The mobile phone market is in low hours. Forecasts point to a slight decrease this year at a global level that again shows the slowdown in sales compared to other years. In order to “guarantee its survival”, Huawei announced on Tuesday the sale of its subsidiary Honor to Shenzhen Zhixin New Information Technology, a Chinese conglomerate specialized in the distribution of technological products.
The chinese giant has recognized that its consumer division, which includes its models of smart mobile phones, has been under “enormous pressure lately” because of a “persistent lack of technical elements necessary” for its manufacture. The Honor sale, founded in 2013, “will help vendors and suppliers” of Honor products to “overcome this difficult time,” they explain in a release company sources, currently the second largest seller of «smartphones» only behind Samsung.
The conglomerate “will acquire all commercial assets related to the Honor brand”, and “once the acquisition is completed, Huawei will not have any stake in the new company,” report sources from the operation. Financial details of the acquisition have not been disclosed, but financial reports put the figure at around $ 15 billion. During these past seven years, Honor has shipped over 70 million units each year.
The decision to sell the brand is necessary to save the brand from the problems that have plagued its former parent company since it was included in the list of entities of the U.S. Department of Commerce prohibited to trade with US companies, a strategy maintained by the Trump Administration this year. Its new owners have ensured that this change of ownership will not affect the development of Honor or the stability of its executives and teams.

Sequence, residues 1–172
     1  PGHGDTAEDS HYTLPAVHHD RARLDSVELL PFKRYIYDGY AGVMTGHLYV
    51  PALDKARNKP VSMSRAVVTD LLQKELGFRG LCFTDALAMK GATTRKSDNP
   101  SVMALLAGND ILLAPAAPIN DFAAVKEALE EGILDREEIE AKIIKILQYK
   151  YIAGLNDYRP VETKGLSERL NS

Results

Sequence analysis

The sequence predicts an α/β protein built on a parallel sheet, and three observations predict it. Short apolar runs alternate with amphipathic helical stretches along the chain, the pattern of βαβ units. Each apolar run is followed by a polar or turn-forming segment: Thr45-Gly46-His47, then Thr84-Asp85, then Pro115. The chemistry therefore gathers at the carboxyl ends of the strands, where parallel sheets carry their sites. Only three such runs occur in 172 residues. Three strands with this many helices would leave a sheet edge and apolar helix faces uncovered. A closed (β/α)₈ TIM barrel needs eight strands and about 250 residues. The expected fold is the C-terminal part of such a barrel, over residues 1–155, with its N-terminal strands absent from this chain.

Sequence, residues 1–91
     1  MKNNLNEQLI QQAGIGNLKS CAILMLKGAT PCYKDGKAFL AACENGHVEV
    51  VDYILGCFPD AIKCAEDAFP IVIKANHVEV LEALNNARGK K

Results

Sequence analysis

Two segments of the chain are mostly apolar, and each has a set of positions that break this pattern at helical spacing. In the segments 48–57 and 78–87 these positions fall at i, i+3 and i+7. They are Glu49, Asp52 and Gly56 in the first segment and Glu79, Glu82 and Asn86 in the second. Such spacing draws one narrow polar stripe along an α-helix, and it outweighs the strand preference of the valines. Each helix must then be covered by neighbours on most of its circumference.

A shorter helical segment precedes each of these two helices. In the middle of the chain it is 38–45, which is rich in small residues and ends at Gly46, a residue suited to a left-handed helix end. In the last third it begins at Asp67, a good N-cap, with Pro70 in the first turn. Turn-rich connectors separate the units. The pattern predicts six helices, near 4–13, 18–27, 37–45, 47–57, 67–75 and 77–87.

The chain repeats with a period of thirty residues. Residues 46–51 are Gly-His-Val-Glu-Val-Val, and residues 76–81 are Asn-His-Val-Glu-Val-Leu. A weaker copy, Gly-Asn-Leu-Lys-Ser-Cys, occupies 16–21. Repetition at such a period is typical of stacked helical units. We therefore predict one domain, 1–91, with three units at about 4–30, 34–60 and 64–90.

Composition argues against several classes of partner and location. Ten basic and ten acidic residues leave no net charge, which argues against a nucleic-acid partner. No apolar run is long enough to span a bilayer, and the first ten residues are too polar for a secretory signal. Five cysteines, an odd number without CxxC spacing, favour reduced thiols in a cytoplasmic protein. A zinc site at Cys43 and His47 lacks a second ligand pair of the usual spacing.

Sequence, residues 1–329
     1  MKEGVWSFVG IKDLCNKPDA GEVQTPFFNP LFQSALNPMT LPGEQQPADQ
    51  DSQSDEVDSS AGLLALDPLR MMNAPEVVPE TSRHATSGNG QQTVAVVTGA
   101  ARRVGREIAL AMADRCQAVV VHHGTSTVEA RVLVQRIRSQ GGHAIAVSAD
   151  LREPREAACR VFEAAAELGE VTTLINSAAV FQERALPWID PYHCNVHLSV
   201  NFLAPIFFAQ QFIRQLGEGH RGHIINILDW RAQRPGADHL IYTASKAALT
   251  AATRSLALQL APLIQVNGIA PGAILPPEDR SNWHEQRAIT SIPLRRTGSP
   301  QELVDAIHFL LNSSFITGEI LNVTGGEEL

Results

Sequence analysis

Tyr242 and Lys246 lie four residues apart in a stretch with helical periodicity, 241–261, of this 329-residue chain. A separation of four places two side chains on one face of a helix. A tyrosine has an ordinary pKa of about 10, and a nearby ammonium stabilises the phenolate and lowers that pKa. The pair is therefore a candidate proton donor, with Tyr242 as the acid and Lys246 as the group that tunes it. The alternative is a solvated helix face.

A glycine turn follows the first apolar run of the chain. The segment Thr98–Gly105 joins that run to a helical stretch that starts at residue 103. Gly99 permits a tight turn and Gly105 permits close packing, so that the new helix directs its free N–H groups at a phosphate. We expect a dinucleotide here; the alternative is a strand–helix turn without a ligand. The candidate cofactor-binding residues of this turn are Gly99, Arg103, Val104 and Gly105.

The telephony industry has weathered the Covid-19 hurricane within what could be expected, with a fall of 1% year-on-year. This year, however, there has been a change in trend: Apple is no longer the second largest seller in favor of Xiaomi, a Chinese company that has paved the way for “Made in China” in recent years.
Samsung, according to the estimates of the main consulting firms, regained leadership with an increase of 2% to reach 80.2 million units sold in this period, a figure that Counterpoint reduces to 79.8 million units. Huawei came in second with a 23% drop (51.7 million units sold).
Xiaomi has ranked third for the first time, reaching 47.1 million units, which is equivalent to an increase of 45%. The brand grew 75% compared to the previous quarter to reach a 13% market share. Worse luck was Apple, which has suffered the impact of not having in this quarter the renewal of its flagship product, the iPhone.
In this period, it shipped 43.2 million terminals, 1% less, while Vivo completed the top five positions thanks to selling 31.8 million units. IPhone shipments declined 7% year-on-year during the third quarter, according to Counterpoint estimates, as a result of the absence of the iPhone 12, introduced a month ago.